This is not a post about how great a salesperson I was or am. It is a post about product knowledge (or lack thereof), less talking and the fine art of questioning.
In 1975 I was a young sales guy who had just spent 5 weeks out east in training with the company that had just hired me. Toward the end of this marathon the company introduced a new product to us that no one in the sales force had seen. Literally, we received about an hours worth of product knowledge. (I could really bore the heck out of you by explaining what a bifurcated velour graft is but that would be pointless!) Cardiovascular surgeons used the product.
The first week in the field I took this product around to the surgeons in town. Here was how I introduced the product. After introducing myself I said to the physician, “Doctor, I am new to the company and this product, so I’m a little shy about telling you how great it is. You know what this is for so could you tell me what advantages it has over other products on the market?” (The product did have a well known doctor’s name attached to it so people took notice of that.)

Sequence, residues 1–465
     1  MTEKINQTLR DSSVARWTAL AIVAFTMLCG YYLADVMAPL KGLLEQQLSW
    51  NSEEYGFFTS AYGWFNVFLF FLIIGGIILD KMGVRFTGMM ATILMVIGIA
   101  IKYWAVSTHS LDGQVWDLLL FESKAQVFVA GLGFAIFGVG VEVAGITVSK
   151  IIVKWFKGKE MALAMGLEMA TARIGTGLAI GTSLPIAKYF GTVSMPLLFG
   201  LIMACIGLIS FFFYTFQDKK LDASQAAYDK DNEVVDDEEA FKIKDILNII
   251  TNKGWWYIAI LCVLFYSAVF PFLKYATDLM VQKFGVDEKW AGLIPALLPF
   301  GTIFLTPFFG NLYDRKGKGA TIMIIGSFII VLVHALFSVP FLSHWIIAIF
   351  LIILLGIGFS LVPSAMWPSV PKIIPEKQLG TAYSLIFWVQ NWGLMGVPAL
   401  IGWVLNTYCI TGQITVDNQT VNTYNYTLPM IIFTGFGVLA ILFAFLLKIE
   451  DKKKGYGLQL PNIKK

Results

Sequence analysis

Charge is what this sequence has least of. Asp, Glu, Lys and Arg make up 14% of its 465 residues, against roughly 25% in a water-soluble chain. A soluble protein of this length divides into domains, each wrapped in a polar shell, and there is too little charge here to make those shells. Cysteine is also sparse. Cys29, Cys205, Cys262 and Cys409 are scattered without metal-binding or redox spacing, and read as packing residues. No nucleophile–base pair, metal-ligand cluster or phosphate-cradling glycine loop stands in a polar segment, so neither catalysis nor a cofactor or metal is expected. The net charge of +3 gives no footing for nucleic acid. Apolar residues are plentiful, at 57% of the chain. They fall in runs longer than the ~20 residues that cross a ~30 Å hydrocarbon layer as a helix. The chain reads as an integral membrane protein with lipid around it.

Here’s what happened. Each physician I talked with looked at the product for about 60 seconds. I shut my mouth during the silence. Actually, I was too scared to talk. They usually asked questions which I answered followed by my question, which was, “why is that feature important to you?” After several minutes of this I asked, “Is it worth having a few of these in stock?” Not the greatest close in the world but what they heck, I was a rookie. Nine out of ten doctors ordered the product.
At the national sales meeting the following January I had sold more than anyone else in the company including the crusty veterans. Every one asked me how I did it. I gave them the honest answer that I had no clue!
Obviously, now I know why people bought so many of the things. I didn’t sell the product, the physicians bought it. They bought it because I didn’t retch forth features and benefits. Too much product knowledge at the wrong time screws up many a sales call.
Will this work in every industry, with every prospect on every sales call? Not exactly the way my sales calls happened. Selling a tangible product makes this approach possible. And I could make a case for never putting a tangible product in the hands of the prospect because then the salesperson loses control of the sales call. The moral of the story is simple-less (in this case features and benefits) is better.
The Final Thought: The more you learn the more you earn.